Tag Archives: Responsibility

The Things You’ll Pass As You Drive Towards Death

22 Sep

Whenever we’re traveling, it’s a good idea to have a few landmarks on our maps to know that we are heading in the right direction. People point out the cemetery on the right to let us know that in two miles we need to turn left to reach our destination.

In our lifespan, those landmarks are milestone birthdays. They’re not quite as reliable as that cemetery (we all know what happens when people move cemeteries), because each of us arrives at them in different ways. However, when it comes to special birthday celebrations, our own experience is irrelevant. I’m not here to tell you where you should be by the time you’re 16 or 40 or 75; ultimately, if you want to follow or break from a tradition, it’s nowt to do with me. What I can do, though, is let you know what others’ expectations will be to help buffer the shock just a tad.


The first milestone is obviously one’s first birthday. It’s clearly all about other people, since one-year-olds are legitimately too stupid to know anything about life whatsoever. Luckily, other people’s expectations for this one are pretty low: as long as they get to take a picture of you with cake on your face, they’ll be happy.


Moving into double digits means that others will start expecting a little more. You might be expected to do chores; you may start dealing with money. You will also be asked to “perform” for people at family gatherings, and unlike when you were 6, it’ll no longer be cute when you sing off tune or forget the words of the Gettysburg Address (I’m afraid I had to learn this the hard way). How you deal with this pressure will be up to you, but the main thing you should be prepared for is that, while it will feel like the worst thing in the world to you, no one will really give a shit.


Adolescence is a complicated time because of the physical and emotional changes you will be going through. To add further complications, there are a number of different milestones during these years. For example, in the Jewish tradition, one’s thirteenth birthday is important—this is when you become responsible for your actions. That’s pretty heavy stuff for someone who is technically still developmentally an idiot.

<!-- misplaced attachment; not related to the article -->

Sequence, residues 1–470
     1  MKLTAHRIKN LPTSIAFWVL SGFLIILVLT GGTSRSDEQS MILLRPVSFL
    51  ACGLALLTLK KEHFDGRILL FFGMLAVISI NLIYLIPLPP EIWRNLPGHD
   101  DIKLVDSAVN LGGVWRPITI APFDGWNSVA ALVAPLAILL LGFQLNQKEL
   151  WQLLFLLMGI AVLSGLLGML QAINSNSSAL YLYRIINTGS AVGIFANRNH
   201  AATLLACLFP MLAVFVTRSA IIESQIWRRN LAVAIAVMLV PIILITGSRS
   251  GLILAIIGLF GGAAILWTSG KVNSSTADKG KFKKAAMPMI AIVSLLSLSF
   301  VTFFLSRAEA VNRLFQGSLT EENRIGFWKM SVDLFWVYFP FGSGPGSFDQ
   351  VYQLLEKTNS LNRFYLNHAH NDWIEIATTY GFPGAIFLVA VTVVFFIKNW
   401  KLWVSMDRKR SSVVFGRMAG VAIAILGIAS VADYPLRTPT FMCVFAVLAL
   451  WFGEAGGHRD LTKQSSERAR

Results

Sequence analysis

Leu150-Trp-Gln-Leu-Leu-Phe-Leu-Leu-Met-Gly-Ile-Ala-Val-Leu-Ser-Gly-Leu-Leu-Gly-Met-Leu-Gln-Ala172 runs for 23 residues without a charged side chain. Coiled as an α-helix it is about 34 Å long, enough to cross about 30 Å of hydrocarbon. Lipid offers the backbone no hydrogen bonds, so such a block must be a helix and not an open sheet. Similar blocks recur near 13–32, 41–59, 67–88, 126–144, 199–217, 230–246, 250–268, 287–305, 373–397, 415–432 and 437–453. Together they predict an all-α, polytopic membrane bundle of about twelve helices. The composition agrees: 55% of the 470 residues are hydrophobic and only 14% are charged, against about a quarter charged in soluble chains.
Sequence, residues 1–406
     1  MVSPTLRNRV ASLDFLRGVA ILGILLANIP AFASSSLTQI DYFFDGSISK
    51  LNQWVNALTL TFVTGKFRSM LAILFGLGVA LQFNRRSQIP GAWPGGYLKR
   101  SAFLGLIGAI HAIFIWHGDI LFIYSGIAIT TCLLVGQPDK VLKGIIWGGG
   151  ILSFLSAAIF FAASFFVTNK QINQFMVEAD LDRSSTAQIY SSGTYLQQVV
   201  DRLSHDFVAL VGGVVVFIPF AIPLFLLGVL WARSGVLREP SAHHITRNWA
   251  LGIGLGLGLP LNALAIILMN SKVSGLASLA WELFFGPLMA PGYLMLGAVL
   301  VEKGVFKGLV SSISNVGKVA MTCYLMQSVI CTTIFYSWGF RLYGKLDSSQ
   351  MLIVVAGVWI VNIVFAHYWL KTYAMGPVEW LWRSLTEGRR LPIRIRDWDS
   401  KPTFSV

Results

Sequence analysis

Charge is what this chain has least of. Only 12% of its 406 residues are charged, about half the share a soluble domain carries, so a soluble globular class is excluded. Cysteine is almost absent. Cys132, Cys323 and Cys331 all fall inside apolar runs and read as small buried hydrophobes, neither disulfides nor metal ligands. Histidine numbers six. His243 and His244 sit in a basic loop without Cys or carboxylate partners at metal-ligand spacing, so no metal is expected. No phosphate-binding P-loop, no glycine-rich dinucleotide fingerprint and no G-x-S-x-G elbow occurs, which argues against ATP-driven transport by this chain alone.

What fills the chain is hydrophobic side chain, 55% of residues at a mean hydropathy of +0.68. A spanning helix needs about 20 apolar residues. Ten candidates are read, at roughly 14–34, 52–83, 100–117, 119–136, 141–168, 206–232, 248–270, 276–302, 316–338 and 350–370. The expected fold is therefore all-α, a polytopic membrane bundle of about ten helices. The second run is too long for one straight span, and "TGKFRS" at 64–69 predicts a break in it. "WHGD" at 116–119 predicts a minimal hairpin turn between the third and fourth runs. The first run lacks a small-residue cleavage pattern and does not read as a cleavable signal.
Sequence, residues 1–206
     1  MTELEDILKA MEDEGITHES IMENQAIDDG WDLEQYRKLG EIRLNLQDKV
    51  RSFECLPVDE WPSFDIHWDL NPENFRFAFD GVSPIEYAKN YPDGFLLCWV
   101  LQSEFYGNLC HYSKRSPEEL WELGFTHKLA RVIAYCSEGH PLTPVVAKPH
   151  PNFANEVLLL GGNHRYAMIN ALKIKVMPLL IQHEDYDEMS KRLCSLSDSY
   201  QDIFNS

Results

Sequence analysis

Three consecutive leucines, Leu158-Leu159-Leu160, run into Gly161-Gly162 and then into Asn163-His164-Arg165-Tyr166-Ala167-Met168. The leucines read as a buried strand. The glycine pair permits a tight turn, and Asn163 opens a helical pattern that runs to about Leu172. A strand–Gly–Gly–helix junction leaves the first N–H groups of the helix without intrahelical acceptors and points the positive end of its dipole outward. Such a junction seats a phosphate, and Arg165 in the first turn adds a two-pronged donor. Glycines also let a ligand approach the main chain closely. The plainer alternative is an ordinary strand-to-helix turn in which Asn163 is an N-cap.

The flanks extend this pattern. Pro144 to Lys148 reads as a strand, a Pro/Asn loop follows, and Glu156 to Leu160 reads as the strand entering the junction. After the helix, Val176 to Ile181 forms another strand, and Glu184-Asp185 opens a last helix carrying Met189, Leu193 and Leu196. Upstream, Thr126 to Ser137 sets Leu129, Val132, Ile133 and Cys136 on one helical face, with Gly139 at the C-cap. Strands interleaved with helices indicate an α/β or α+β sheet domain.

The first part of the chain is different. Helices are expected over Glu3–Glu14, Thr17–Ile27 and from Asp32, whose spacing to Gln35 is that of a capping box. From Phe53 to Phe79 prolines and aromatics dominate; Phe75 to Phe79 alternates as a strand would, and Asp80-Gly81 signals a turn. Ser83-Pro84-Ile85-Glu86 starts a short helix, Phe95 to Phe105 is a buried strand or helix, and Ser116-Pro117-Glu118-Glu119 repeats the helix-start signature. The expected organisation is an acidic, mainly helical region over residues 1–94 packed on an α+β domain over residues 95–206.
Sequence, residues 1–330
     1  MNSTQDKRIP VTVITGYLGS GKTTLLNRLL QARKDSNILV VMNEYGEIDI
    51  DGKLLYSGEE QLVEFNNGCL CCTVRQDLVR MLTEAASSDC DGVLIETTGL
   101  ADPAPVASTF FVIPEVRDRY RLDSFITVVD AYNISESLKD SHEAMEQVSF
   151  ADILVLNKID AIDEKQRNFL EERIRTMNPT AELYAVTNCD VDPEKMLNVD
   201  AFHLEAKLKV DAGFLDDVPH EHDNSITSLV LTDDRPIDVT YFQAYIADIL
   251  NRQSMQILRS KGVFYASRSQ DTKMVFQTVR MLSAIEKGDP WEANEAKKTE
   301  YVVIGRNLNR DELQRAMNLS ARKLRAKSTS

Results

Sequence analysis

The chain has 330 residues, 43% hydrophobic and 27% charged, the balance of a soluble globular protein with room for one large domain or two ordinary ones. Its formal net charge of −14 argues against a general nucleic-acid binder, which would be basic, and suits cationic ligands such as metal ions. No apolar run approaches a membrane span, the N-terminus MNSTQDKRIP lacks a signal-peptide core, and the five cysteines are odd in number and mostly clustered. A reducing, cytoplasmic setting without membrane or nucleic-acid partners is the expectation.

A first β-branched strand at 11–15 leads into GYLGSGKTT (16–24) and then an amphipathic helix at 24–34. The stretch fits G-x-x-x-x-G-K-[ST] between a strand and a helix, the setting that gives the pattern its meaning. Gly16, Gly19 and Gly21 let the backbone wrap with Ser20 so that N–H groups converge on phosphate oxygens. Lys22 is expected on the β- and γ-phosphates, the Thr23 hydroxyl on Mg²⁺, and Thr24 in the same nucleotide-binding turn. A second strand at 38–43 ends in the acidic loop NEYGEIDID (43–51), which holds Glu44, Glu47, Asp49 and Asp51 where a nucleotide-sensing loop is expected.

For girls of any religious persuasion, the first menstrual period will be a momentous time for now you are technically eligible for the position of motherhood. What the hell’s that all about, nature? Depending on your family’s background, this will be greeted with either with pride or shame. Try not to let it affect you too much—luckily the hassle, pain and need for notes excusing you from PE classes should keep you pretty much distracted.

A driver’s license also signals a major turning point. This will heap more responsibility onto your shoulders. Undoubtedly you will think this unfair, because that’s just the kind of thing teenagers do. But remember, you can now get behind the wheel of a potentially lethal weapon, so there’s got to be some kind of balance between your needs and others’.


In many countries, your eighteenth birthday means you can officially do grown-up things like run for election, drink, marry, join the military and be a consenting adult. Keep in mind that you just because you can doesn’t mean you have to.


This is often the first time that you will start looking back on your life, realizing that some of it has already gone. Others will note this as well; essentially what people are really doing is reminding you that you’re on the path towards death.  This is a drag, especially if they do it as you’re blowing out your candles, but it is, of course, true.

This can also be a difficult time for men especially as it marks the end of what’s commonly referred to as your “sexual peak.” Don’t let this talk worry you; you have plenty years of masturbatory pleasure left.


This is often an important one because you are likely to remember your parents in their thirties. This is a recipe for comparison: how come your mother was married with kids on her thirtieth and you’re still single and letting your ex’s new girlfriend raise your twins? How come your father had worked his way up to a managerial position by his thirtieth and you’re still waiting for your band to hit the big time? You may be doing these comparisons in your head, but, trust me, others definitely will be and may start treating you like you’re a failure. (They’ve probably been feeling this for years, but it may be the first time they act on it.)

For women, your thirties will also mark a milestone in terms of your bodies: they will start changing but more importantly, you’ll start hearing (or at least hearing others talking about) your “biological clock.” The truth is, if you are planning to throw your life away on motherhood, now is a good time to it. But don’t let your parents, your friends or your spinster aunt’s regrets pressure you into doing something you’re not ready to do.